StrategicRISK sat down with Australasian boss Chris Colahan to find out what the insurer’s report card looks like 12 months’ in and what’s in store for the year ahead
“I’m getting quite good at this blind dating thing – meeting strangers in coffee shops. I must’ve done it hundreds of times over the last 18 months.”
This is the opening line of Berkshire Hathaway Specialty Insurance (BHSI) Australasia regional president Chris Colahan. It’s quickly followed by an explanation: “We’ve been doing a lot of it with our hiring. We’ve started up a business from scratch and that just means getting out there and meeting lots of people.”
Safe to say it’s been a busy 12 months since Colahan officially started in the role on 23 February last year. And a big focus has been his recruitment drive.
“We’ve all been at companies in the past where there’s legacy [issues] – legacy IT, or processes, or people issues – and so we’ve been incredibly thorough about making sure we get the right people from the outset,” Colahan explains. He himself moved from RSA, where he was most recently the insurer’s Asia chief executive.
“In order to hire for any individual role, we would meet at least five people and we’ve hired 53 people [to date], so 53 times five means we’ve met a lot of people,” he says.
Some 265, in fact.
That’s more than one recruitment interview Colahan has done every working day since he started. It’s no wonder he’s getting good at them.
So has Colahan had to lure staff from the more established players with big salary promises?
“We’ve not given pay increases to anybody to come here. We’ve been able to get the best people [by offering] the opportunity to come and build something from scratch,” he says.
It seems the Berkshire brand opens doors – not just for employees, but for brokers and clients too.
“We’ve opened more offices and hired more people than we intended, [and] all of that is in response to customers and brokers wanting to see more of us,” Colahan says.
“If you had asked me [a year ago] what 2015 would look like, we probably would have said: a few lines of business, two offices in Sydney and Auckland, and around 20 or 25 members in the team.”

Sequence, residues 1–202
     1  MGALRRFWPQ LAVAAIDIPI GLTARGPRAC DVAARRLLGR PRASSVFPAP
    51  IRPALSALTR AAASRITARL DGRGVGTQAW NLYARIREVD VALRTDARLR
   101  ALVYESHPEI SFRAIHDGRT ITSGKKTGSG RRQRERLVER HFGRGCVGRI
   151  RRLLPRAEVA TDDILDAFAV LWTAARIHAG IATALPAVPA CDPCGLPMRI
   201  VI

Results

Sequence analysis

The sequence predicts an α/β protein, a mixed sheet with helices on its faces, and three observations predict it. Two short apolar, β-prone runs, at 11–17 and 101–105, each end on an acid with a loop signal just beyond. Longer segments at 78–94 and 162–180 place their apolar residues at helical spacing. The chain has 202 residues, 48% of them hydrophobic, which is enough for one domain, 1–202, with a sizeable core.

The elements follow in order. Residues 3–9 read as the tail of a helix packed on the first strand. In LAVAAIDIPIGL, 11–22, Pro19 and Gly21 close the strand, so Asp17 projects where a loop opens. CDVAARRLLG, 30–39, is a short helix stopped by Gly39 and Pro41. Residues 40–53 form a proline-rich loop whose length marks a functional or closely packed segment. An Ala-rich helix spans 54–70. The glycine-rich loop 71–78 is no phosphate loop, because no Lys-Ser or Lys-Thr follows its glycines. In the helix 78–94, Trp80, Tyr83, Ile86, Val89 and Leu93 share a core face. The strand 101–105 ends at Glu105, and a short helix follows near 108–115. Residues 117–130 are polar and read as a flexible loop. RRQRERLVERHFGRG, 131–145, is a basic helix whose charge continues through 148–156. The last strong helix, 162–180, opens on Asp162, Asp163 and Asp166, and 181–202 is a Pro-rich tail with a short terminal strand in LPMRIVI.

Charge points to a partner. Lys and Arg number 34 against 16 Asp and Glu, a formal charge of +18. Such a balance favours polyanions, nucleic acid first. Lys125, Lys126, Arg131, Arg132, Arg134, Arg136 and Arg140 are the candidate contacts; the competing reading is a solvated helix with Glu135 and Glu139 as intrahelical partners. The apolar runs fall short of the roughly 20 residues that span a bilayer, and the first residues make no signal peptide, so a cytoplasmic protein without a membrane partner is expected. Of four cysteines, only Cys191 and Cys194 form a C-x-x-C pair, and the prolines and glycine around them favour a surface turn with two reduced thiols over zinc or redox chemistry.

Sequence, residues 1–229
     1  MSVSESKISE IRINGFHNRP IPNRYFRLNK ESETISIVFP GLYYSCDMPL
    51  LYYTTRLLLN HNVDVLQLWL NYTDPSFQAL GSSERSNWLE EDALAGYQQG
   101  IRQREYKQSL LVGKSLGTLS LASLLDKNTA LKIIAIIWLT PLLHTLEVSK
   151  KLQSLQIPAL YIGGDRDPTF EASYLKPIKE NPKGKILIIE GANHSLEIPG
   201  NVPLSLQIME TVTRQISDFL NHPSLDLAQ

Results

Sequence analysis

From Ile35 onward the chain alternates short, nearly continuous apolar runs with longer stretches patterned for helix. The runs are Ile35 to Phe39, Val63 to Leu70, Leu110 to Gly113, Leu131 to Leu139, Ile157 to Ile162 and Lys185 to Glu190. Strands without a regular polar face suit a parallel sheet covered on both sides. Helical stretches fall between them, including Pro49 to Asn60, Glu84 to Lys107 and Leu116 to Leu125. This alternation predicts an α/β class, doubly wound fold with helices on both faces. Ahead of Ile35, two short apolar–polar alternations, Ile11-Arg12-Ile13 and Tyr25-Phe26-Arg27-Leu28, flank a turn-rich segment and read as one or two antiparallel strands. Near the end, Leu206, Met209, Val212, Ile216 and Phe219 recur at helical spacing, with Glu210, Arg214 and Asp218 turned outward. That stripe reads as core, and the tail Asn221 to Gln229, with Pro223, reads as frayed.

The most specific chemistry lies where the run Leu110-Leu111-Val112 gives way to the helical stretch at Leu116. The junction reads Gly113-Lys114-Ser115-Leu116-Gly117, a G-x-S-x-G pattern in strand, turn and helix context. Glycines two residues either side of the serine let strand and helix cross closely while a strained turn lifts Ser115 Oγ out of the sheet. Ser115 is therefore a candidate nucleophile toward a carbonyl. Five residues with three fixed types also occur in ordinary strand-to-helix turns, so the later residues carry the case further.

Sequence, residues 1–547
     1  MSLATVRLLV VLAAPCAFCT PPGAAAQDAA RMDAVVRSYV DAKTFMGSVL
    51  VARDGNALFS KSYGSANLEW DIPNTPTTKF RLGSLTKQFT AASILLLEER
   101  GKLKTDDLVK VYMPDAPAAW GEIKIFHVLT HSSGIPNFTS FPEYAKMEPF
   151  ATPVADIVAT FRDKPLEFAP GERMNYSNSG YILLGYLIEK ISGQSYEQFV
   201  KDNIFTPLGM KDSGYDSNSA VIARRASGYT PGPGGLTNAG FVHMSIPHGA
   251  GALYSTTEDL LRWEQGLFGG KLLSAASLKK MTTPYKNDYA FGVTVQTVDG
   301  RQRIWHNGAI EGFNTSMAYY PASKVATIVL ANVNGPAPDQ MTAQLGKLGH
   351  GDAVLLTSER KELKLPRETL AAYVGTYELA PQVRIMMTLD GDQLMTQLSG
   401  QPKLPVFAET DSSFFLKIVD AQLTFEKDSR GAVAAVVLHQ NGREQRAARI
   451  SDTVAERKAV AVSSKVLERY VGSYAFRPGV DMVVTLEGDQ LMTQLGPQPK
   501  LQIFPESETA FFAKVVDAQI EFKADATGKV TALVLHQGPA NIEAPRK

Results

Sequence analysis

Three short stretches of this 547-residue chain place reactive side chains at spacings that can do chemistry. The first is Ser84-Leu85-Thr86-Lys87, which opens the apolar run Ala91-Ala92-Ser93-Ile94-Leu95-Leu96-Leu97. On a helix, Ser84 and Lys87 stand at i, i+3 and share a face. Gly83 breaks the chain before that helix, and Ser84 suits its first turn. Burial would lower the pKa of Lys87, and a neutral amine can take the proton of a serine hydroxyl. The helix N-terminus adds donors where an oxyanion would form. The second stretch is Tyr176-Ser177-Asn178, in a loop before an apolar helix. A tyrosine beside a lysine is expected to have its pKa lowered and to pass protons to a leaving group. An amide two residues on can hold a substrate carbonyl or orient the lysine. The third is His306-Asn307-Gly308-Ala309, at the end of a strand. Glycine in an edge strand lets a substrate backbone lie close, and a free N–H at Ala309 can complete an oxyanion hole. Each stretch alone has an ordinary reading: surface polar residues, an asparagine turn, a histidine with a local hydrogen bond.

In fact, BHSI has secured 500 clients across Australia and New Zealand, opened four offices – in Sydney, Auckland, Melbourne and Brisbane – set up in six lines of business, and employed 53 people from 20 different companies.
“Compared to any initial expectations that we had, we’ve done a lot more,” Colahan says.
That’s not to say the past 12 months have been without challenges.
“The power of incumbency in our industry is incredibly strong: incumbency of broker relationships, incumbency of people, and incumbency of insurer relationship with the end customers,” he says.
“If I look at that through a positive lense, I’d say that’s great because customer loyalty is important and it takes time for insurers to earn that relationship with their customers.
“If I put a more negative lense on it, I’d say that people are resistant to change and there’s an inertia that means there is not much change in our industry. But, either way, incumbency is very powerful and we have had to deal with that.”
The BHSI model stands out in today’s corporate insurance world, with its lean business structure backed by a big balance sheet.
Colahan says that by “setting up with no legacy and by being relentless about the way we prioritise simplicity over complexity, we should end up with the lowest expense base in the industry”.
One only needs to look at the recently announced annual results of AIG and Zurich, to see that expense ratios are proving the downfall of some of the industry’s long-standing players.
“By having less complexity, we’ve got more empowered people who can be more responsive to the needs of our customers, who can make decisions more quickly, [and] who can genuinely create bespoke solutions to respond to the needs of customers,” he says.
“You end up with clearer ownership and accountability.”
So what’s in store for the next 12 months?
More staff and more products within its six core lines of business: property; casualty; financial lines (known within BHSI as executive and professional lines); marine, transport and logistics; healthcare; and accident and health.
The latter is the newest of BHSI’s offering in Australasia, with a new team starting in March.
Within each line of business, there are new products planned to come online, including a cyber product early this year, and an M&A insurance product, hailing from its New York office.
In addition to new products, BHSI, along with many of its competitors, is looking to grow its book of mid-market client business.
“We go into it with our eyes open … we’re very respectful for the long-term relationships that are there already, but we think we’ve got something different to offer,” Colahan says. “We think that our broad product offering and our highly responsive way of deploying it is going to be attractive.”
Colahan wouldn’t disclose his premium targets for the year ahead, insisting that the business was taking a more long-term view. “We certainly don’t want any of our team chasing GWP because of targets that were set,” he says.
It might be line from Colahan’s blind dating playbook, but it’s certainly a refreshing take on the often stayed world of Australian insurance.